Several important distances appear in the figure. As for a mirror, we define d o to be the object distance, or the distance of an object from the center of a lens. The image distance d i is defined to be the distance of the image from the center of a lens. The height of the object and the height of the image are indicated by h o and h i , respectively. Images that appear upright relative to the object have positive heights, and those that are inverted have negative heights. By using the rules of ray tracing and making a scale drawing with paper and pencil, like that in [link] , we can accurately describe the location and size of an image. But the real benefit of ray tracing is in visualizing how images are formed in a variety of situations.

Questions & Answers

For the question about the scuba instructor's head above the pool, how did you arrive at this answer? What is the process?
Evan Reply
as a free falling object increases speed what is happening to the acceleration
Success Reply
of course g is constant
Alwielland
acceleration also inc
Usman
which paper will be subjective and which one objective
jay
normal distributiin of errors report
Dennis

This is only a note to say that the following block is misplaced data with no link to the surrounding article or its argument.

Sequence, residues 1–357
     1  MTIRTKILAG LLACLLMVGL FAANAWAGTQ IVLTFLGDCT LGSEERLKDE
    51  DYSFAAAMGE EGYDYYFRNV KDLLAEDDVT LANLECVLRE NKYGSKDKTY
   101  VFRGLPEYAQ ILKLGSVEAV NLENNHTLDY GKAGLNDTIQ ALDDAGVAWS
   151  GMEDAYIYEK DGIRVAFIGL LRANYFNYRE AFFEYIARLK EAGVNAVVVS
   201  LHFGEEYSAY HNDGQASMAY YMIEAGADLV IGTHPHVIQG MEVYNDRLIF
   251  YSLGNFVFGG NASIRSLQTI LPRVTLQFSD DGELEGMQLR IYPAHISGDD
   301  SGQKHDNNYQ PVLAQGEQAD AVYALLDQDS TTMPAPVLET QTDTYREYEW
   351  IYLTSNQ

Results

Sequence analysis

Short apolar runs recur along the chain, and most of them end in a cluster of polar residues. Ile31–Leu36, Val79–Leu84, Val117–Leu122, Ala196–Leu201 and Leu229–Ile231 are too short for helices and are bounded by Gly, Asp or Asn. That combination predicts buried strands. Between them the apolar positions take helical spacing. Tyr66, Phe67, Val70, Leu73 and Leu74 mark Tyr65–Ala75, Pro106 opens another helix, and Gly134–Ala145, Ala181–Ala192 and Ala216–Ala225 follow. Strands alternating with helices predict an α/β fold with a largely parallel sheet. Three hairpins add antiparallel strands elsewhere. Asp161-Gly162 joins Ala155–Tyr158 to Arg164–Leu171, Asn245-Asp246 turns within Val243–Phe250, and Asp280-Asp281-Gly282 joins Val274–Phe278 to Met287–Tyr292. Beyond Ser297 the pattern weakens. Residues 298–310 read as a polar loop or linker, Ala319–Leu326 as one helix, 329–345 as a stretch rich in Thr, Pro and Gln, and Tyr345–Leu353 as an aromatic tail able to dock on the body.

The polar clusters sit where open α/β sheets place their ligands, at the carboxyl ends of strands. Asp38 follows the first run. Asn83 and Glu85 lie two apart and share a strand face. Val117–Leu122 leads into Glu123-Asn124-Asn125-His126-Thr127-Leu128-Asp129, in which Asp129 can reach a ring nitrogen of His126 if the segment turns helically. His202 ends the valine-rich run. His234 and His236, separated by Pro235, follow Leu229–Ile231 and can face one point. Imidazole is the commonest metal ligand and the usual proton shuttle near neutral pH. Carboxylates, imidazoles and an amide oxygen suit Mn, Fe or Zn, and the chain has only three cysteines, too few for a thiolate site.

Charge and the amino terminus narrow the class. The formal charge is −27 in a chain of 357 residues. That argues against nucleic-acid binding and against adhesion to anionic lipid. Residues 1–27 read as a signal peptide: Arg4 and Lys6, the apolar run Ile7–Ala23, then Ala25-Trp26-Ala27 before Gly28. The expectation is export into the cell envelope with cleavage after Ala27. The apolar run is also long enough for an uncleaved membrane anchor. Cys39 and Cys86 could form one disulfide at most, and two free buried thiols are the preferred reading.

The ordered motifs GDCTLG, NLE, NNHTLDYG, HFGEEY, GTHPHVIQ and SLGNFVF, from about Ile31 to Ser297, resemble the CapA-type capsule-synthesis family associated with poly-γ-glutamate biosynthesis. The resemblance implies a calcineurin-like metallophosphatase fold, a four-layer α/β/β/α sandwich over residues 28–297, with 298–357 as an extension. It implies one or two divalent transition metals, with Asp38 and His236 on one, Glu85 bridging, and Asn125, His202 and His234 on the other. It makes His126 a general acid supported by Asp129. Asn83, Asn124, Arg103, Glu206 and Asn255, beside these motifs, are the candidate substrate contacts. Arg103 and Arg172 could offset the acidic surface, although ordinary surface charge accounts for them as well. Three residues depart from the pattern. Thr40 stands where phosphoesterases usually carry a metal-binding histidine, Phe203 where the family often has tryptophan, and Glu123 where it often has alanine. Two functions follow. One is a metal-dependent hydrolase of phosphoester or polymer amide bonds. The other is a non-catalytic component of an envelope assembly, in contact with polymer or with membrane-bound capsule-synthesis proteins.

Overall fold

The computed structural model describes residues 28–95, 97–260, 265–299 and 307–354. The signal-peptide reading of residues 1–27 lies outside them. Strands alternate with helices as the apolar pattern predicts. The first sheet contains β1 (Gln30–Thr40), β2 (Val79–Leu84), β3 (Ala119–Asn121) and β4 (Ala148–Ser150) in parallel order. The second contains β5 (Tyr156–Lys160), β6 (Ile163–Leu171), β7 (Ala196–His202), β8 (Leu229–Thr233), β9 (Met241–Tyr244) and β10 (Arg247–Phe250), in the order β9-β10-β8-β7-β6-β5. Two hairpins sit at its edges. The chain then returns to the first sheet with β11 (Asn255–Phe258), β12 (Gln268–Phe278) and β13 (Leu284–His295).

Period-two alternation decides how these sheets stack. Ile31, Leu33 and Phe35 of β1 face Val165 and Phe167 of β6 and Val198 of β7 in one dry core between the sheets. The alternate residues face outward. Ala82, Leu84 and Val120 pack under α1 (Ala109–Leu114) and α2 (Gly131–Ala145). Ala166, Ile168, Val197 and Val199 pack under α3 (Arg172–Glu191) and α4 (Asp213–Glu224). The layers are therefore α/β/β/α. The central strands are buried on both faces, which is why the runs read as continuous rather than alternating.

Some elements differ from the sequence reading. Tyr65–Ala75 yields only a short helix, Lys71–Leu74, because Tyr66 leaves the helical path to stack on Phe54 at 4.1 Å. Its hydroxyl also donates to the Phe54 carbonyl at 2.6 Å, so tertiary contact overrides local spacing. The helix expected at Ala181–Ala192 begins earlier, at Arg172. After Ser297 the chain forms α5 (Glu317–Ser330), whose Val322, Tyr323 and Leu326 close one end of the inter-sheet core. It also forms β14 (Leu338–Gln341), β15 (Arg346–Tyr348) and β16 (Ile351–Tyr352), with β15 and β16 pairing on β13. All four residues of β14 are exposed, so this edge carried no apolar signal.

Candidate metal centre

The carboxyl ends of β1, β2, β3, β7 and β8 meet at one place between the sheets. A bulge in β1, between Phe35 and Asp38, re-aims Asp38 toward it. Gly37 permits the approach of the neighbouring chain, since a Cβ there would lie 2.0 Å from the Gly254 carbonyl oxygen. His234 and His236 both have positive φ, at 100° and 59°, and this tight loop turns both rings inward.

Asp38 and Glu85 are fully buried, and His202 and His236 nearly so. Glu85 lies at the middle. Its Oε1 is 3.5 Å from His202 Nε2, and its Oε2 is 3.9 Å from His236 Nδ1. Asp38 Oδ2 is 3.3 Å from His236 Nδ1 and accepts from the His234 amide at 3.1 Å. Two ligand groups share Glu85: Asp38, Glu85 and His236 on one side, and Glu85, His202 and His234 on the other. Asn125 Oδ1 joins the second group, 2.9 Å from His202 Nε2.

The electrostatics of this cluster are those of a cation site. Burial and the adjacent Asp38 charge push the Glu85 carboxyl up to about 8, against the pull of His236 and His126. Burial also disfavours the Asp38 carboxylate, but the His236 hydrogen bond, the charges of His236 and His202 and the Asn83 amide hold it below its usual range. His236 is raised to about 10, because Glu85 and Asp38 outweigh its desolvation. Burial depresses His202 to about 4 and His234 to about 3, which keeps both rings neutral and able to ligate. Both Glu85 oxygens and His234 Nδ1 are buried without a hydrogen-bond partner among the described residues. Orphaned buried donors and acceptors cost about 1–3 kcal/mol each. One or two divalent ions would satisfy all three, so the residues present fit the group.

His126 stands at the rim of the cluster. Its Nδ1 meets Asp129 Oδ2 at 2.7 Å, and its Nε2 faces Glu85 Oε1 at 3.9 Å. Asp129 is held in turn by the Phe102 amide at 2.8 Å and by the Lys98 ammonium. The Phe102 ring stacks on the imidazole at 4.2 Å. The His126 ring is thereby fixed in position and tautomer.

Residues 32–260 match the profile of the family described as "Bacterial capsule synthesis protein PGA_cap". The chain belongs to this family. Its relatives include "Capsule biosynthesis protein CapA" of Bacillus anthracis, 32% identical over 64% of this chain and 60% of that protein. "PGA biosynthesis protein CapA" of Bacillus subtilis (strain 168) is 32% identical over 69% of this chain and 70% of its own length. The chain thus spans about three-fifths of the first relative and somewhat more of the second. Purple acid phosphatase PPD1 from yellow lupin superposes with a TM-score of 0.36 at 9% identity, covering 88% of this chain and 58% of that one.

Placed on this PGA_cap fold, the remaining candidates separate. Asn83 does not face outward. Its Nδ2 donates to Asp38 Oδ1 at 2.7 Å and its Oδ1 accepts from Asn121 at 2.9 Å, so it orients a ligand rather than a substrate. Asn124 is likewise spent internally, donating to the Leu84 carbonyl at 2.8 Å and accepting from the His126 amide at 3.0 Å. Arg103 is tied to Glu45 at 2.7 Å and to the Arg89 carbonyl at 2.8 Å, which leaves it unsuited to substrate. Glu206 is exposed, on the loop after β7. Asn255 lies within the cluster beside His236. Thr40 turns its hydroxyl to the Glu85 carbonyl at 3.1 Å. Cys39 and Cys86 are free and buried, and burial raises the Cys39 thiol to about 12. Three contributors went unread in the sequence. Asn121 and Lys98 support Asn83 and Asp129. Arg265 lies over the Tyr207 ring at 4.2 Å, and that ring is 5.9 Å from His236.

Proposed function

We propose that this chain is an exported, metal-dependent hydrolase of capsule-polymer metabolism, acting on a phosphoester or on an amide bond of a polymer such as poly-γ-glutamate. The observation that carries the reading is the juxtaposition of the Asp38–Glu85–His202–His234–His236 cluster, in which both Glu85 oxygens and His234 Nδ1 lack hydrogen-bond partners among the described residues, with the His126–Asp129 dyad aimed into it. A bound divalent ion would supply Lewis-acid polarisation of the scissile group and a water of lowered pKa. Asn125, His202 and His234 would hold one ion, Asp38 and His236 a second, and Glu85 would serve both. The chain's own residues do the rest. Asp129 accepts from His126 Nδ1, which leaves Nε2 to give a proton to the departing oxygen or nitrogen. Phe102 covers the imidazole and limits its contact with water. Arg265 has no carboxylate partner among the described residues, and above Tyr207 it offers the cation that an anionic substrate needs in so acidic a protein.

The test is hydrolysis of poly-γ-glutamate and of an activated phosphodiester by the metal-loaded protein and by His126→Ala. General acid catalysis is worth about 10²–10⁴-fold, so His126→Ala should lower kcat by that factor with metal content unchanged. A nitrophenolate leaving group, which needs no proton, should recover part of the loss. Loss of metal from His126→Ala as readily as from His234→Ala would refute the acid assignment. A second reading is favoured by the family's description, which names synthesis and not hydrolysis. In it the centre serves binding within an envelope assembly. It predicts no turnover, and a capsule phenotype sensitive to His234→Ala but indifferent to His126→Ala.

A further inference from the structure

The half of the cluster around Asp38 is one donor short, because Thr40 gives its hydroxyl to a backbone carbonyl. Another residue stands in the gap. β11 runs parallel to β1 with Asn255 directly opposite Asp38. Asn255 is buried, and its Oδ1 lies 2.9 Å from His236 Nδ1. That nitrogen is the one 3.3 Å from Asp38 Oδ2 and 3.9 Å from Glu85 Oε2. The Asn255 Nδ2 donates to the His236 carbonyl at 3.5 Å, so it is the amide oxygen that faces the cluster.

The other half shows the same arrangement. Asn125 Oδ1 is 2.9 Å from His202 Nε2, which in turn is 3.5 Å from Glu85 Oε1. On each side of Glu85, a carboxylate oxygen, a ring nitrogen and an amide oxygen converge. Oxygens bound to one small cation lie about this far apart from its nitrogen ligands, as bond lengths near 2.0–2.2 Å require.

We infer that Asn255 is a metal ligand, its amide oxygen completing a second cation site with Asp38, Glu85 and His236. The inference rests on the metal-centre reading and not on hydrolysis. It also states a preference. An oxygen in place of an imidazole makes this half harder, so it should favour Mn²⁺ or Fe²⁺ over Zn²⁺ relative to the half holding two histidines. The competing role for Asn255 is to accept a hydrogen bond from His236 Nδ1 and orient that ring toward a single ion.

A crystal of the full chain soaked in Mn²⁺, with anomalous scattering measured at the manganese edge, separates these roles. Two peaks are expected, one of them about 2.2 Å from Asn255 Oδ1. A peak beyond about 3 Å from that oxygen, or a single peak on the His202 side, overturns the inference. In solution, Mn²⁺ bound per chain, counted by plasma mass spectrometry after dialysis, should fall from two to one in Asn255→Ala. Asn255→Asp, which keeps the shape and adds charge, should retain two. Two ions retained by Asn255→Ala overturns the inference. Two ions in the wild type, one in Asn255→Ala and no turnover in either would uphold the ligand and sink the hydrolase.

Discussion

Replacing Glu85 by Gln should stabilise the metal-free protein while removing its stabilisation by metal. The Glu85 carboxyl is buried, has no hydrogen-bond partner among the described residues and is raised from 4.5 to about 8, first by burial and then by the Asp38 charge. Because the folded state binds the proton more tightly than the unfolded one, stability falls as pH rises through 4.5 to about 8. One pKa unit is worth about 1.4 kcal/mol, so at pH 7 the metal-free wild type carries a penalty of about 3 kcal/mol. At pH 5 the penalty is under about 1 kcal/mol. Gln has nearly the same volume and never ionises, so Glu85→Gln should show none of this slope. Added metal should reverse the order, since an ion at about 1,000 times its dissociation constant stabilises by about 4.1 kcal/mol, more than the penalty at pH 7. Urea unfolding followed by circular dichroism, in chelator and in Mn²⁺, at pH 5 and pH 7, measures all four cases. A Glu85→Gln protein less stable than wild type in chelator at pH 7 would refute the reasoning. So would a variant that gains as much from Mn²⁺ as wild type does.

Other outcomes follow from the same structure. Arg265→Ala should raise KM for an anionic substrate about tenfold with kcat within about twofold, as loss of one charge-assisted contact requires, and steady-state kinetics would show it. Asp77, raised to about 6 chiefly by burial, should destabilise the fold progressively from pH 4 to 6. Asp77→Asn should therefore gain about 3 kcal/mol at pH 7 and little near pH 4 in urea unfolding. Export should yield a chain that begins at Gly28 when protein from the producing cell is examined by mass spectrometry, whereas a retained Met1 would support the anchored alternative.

normal distribution of errors
Dennis
photo electrons doesn't emmit when electrons are free to move on surface of metal why?
Rafi Reply
What would be the minimum work function of a metal have to be for visible light(400-700)nm to ejected photoelectrons?
Mohammed Reply
give any fix value to wave length
Rafi
40 cm into change mm
Arhaan Reply
40cm=40.0×10^-2m =400.0×10^-3m =400mm. that cap(^) I have used above is to the power.
Prema
i.e. 10to the power -2 in the first line and 10 to the power -3 in the the second line.
Prema
there is mistake in my first msg correction is 40cm=40.0×10^-2m =400.0×10^-3m =400mm. sorry for the mistake friends.
Prema
40cm=40.0×10^-2m =400.0×10^-3m =400mm.
Prema
this msg is out of mistake. sorry friends​.
Prema
what is physics?
sisay Reply
why we have physics
Anil Reply
because is the study of mater and natural world
John
because physics is nature. it explains the laws of nature. some laws already discovered. some laws yet to be discovered.
Yoblaze
is this a physics forum
Physics Reply
explain l-s coupling
Depk Reply
how can we say dirac equation is also called a relativistic equation in one word
preeti Reply
what is the electronic configration of Al
usman Reply
what's the signeficance of dirac equetion.?
Sibghat Reply
what is the effect of heat on refractive index
Nepal Reply
As refractive index depend on other factors also but if we supply heat on any system or media its refractive index decrease. i.e. it is inversely proportional to the heat.
ganesh
you are correct
Priyojit
law of multiple
Wahid
if we heated the ice then the refractive index be change from natural water
Nepal
can someone explain normalization condition
Priyojit Reply
please tell
Swati
yes
Chemist
1 millimeter is How many metres
Darling Reply
1millimeter =0.001metre
Gitanjali
Practice Key Terms 5

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Source:  OpenStax, University physics volume 3. OpenStax CNX. Nov 04, 2016 Download for free at http://cnx.org/content/col12067/1.4